Four years after the shooting at a Nashville Waffle House, the trial of Travis Reinking came to a close. The jury’s decision to convict Reinking of four counts of murder marked an end to a painful chapter.
But for the families who lost loved ones, it isn’t over. It won’t ever really be. They still have to live with their grief.
“I’ve been around other people who seemed angry at the situation. What will it accomplish?” asks Shirl Baker, the mother of shooting victim DeEbony Groves. “It’s not going to fix anything. It’s not going to bring her back. And I just feel like — the way I was before she died, that’s the way I want to try to remain.”
Sitting in the pew at her church in Portland, Tenn., Shirl says she tries to find hope and positivity through her sorrow.
She’s surrounded by a dozen framed photos of her daughter — showing off her “million dollar smile” that Shirl says could light up an entire room.
One of her favorites is a selfie of DeEbony wearing her sorority hat.
“I still have that dress she has,” Shirl says. “I saved it. I got it in a Ziploc bag because it has her aroma on it. And sometimes I go in and just take a whiff.”
DeEbony and her brother were ten years apart, but Shirl says their worlds “revolved around each other.” She pulls up a video of DeEbony hopping in a car, wrapping her arms around her brother. She shouts “Happy birthday!” loudly, in a voice anyone with a younger sister might recognize.
“As soon as my son started driving and got a car, she went nowhere with me anymore,” Shirl says laughing. “Every time his car took off, she was in that front seat.”
Shirl smiles to herself and looks down at her hands as she thinks about DeEbony.
“I miss so much,” she says quietly. “She didn’t call me mother. She called me mommy. And some days I just, I yearn to hear that.”
She says four years after losing her daughter, she still doesn’t have the right words to describe what it feels like.
“Terrible doesn’t fit it. Horrible doesn’t fit it. Horrific doesn’t fit it,” she says. “A real tragedy will define who you are and what you’re made of. Tragedy can carve a hole so deep in your soul, and it’ll leave you lifeless. And somehow, some way, you have to figure out a way to bounce back, to stand up, to rise up, to face another day. Because if you don’t, you will die in grief.”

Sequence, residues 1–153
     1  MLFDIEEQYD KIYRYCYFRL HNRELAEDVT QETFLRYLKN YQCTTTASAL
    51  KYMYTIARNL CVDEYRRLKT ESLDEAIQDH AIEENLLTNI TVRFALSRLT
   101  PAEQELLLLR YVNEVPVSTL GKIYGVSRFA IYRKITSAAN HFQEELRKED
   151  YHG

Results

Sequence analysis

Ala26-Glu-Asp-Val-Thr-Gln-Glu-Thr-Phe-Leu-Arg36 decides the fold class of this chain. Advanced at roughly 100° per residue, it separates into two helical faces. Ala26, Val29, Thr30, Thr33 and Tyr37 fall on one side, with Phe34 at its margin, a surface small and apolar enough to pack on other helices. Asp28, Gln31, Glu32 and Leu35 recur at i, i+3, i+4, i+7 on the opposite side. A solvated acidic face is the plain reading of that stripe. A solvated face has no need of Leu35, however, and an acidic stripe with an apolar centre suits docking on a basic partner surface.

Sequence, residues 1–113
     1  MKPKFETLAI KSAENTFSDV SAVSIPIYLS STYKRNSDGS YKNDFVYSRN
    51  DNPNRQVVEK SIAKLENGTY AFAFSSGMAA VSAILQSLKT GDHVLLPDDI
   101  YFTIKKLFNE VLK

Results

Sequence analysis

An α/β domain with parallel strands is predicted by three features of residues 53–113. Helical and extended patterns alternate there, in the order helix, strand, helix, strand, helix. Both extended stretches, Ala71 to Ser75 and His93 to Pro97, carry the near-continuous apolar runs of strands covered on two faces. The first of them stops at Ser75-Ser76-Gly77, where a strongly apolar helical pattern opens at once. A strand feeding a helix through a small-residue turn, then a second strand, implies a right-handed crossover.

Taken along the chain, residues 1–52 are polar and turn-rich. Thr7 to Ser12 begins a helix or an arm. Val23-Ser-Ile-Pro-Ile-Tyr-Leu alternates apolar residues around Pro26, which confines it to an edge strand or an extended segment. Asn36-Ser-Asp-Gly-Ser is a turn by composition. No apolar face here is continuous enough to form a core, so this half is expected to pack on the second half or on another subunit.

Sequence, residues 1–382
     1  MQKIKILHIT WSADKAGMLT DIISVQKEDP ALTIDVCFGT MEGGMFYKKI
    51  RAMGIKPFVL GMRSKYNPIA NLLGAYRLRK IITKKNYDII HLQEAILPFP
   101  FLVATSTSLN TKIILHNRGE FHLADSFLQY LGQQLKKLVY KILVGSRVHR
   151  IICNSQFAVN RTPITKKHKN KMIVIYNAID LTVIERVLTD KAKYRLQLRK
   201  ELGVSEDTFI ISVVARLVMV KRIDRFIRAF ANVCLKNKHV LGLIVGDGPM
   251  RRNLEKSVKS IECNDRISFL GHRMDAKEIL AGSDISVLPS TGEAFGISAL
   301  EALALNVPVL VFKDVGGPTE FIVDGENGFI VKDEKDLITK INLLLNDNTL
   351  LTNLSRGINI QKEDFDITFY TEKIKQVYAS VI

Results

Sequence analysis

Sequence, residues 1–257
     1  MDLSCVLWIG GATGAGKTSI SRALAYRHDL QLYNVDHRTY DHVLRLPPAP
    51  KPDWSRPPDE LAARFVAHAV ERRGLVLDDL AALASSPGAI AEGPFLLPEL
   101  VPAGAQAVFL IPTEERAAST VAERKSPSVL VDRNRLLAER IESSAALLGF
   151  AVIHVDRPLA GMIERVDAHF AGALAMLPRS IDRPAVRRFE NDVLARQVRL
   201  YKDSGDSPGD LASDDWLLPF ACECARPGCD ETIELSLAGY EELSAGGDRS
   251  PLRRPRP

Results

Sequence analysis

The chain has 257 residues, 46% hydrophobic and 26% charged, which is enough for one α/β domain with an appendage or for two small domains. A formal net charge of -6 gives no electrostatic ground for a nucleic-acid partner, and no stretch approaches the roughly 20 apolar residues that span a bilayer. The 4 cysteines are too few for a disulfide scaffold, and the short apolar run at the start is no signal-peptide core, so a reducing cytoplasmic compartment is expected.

She feels as though she has been able to rise up these last few years, to try and make something out of this tragedy. She started a foundation in DeEbony’s honor to help other mothers struggling with the tragic loss of a child. She helps foster support groups for moms, so that they don’t feel so alone and isolated in their grief.
She thinks DeEbony, who was weeks away from graduating with a degree in social work when she died, would be proud of the work she’s doing to help other people. Every Sunday on her way to church, Shirl stops by her grave to tell her about the foundation, and ask for her approval and support.
But she says the trial of Travis Reinking dredged up the pain and the agony of losing DeEbony again. She sat in the court room every day, trying not to look at Reinking, listening to vivid descriptions and watching videos of the moment her world was irrevocably changed. The trial lasted for about a week, until the jury convicted Reinking of murder and sentenced him to life without the possibility of parole.
“People ask me, ‘What about your victory?’” Shirl says. “Do I really have victory? I don’t know, but I don’t feel like I do because my heart is still broken. I still miss my baby and I don’t have her. Even down to Travis’ parents. They’re not winners either.”
She says the only thing she felt thankful for after the experience was that it was finally over.
“The journey to get here has been so rough, and I felt like a ton of bricks immediately was lifted off my chest,” Shirl says. “I had been carrying that for so long.”
Outside of her church, there’s a small red maple tree planted in DeEbony’s honor. Shirl says they picked this tree because her daughter liked to dye her hair red. A stone marks the tree, which reads, “In loving memory of DeEbony Groves, June 16, 1996 – April 22, 2018.”
Shirl notices something nestled into the branches of the tree and lets out a laugh.
“There is a bird nest in the tree!” she says, pointing with a smile on her face. “That’s another sign of life, so that makes me happy today.”